More than a dozen sea turtles were released back into the wild in Louisiana, Gulf of Mexico in the United States after spending months of rehabilitation at the Audubon Nature Institute. The Coastal Wildlife Network (CWN) team has looked after these rescued turtles and have helped them recover.
Around 28 Kemp’s ridley sea turtles were rescued and taken to the Audubon Nature Institute. The turtles were rescued from a “massive cold stunning event” near the New England Coast. All of the turtles have been closely monitored by CWN. They were currently examined by veterinarians to check if they have recovered and if they are ready to be released back into the wild.
13 out of 28 sea turtles were considered ready to be released back into the wild. Recently, these turtles were released back into the Gulf of Mexico along the Grand Isle Shoreline. The CWN team made sure that the sea water’s temperature was at least 60 degrees Fahrenheit before releasing the turtles back into the sea.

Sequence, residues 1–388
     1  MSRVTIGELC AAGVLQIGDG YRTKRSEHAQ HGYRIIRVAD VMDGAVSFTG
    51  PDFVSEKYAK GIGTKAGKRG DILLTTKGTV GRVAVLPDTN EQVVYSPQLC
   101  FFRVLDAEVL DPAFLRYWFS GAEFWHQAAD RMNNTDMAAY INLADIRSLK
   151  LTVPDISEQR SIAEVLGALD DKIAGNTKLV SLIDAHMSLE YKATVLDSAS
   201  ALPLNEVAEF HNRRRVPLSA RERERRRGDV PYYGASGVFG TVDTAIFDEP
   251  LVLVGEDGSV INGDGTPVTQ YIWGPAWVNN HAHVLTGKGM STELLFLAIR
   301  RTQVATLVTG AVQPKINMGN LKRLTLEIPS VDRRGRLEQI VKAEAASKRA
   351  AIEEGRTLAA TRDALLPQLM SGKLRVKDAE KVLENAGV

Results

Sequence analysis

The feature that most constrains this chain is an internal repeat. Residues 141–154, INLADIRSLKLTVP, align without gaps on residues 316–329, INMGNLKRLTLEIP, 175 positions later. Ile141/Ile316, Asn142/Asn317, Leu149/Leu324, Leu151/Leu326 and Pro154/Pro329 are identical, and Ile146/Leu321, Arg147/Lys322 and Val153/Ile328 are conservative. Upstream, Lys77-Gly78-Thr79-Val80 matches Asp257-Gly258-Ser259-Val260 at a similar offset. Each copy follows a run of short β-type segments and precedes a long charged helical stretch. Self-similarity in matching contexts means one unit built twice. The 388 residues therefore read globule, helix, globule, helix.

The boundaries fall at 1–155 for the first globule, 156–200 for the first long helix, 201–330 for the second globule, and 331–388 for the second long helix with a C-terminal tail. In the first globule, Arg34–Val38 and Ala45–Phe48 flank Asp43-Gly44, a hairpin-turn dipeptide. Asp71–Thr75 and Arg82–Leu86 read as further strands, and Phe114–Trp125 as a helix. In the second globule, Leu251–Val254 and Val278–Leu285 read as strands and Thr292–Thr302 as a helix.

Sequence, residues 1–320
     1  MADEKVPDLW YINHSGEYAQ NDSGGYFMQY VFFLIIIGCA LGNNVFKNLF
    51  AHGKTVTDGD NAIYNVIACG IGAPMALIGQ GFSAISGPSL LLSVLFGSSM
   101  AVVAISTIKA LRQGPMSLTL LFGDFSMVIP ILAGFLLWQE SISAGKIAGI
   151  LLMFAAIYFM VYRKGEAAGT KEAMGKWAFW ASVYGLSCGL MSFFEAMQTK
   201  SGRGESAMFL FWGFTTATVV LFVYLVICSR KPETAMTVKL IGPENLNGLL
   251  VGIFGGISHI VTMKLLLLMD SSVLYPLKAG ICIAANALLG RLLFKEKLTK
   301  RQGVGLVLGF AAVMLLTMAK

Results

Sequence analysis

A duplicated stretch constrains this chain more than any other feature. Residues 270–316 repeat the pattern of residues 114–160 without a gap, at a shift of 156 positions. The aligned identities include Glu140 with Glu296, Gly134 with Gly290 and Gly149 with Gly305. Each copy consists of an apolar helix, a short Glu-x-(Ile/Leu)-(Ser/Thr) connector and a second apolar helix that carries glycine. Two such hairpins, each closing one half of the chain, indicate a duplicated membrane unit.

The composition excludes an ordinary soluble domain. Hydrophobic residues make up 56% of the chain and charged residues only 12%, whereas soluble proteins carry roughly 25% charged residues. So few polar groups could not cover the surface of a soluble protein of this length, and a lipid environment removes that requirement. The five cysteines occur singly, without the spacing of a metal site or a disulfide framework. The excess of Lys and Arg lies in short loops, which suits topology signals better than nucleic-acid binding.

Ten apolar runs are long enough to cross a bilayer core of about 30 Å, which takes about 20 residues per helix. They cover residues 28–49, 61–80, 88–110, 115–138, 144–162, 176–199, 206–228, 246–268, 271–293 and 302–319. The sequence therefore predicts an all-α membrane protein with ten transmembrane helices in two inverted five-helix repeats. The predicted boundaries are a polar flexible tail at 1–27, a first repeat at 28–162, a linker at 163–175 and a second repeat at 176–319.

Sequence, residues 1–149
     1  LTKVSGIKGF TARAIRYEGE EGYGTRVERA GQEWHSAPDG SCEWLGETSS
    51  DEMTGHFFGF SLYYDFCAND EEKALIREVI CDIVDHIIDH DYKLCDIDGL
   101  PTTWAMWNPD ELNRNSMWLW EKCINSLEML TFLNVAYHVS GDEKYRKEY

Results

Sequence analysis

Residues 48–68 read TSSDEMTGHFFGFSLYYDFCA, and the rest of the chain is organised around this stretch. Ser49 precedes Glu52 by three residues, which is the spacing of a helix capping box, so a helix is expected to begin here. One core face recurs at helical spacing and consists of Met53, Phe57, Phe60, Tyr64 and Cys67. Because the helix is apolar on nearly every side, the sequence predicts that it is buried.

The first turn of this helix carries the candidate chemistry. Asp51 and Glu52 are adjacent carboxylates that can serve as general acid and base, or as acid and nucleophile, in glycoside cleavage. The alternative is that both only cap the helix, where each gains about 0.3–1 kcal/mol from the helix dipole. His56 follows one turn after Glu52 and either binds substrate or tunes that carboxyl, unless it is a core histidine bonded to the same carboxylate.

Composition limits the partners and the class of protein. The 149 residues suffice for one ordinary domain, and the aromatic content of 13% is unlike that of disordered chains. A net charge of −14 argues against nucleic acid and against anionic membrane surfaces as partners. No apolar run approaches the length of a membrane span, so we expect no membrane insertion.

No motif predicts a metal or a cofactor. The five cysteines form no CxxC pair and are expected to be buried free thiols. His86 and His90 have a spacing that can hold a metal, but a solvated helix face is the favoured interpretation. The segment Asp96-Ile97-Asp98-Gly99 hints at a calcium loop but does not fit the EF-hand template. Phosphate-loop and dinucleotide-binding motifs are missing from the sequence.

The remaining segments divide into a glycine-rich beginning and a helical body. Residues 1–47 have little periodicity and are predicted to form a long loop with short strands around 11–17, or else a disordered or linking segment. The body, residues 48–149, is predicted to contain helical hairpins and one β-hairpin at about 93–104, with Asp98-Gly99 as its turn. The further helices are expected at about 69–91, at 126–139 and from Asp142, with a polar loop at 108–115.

While speaking to a local news agency, one of the CWN members stated that they have named the turtles after Mardi Gras Krewes, they are the marching groups that put on the parade during the carnival season. The 13 turtles released back into the wild were named, Tucks, Rex, Zulu, Thoth, Endymion, Chaos, Themis, Muff-a-lotta, Stomper, Athena, Carrollton, Pandora, and Proteus.
There are 15 other turtles that are still under recovery at the Audubon Nature Institute. The other 15 turtles are named Bacchus, Orpheus, Muses, Chewbacchus, Okeanos, Atlas, Argus, Nymph, Vieux, Pete Fountain, Siren, St. Aug, Iris, Babylon, and Fleurs.
According to the World Wildlife Funds (WWF), there are seven species of sea turtles and all of those seven sea turtle species are listed as endangered species. Out of those seven turtle species, three species are listed as critically endangered species.
The main threats to sea turtles in the wild are climate change, habitat destruction and accidental capture.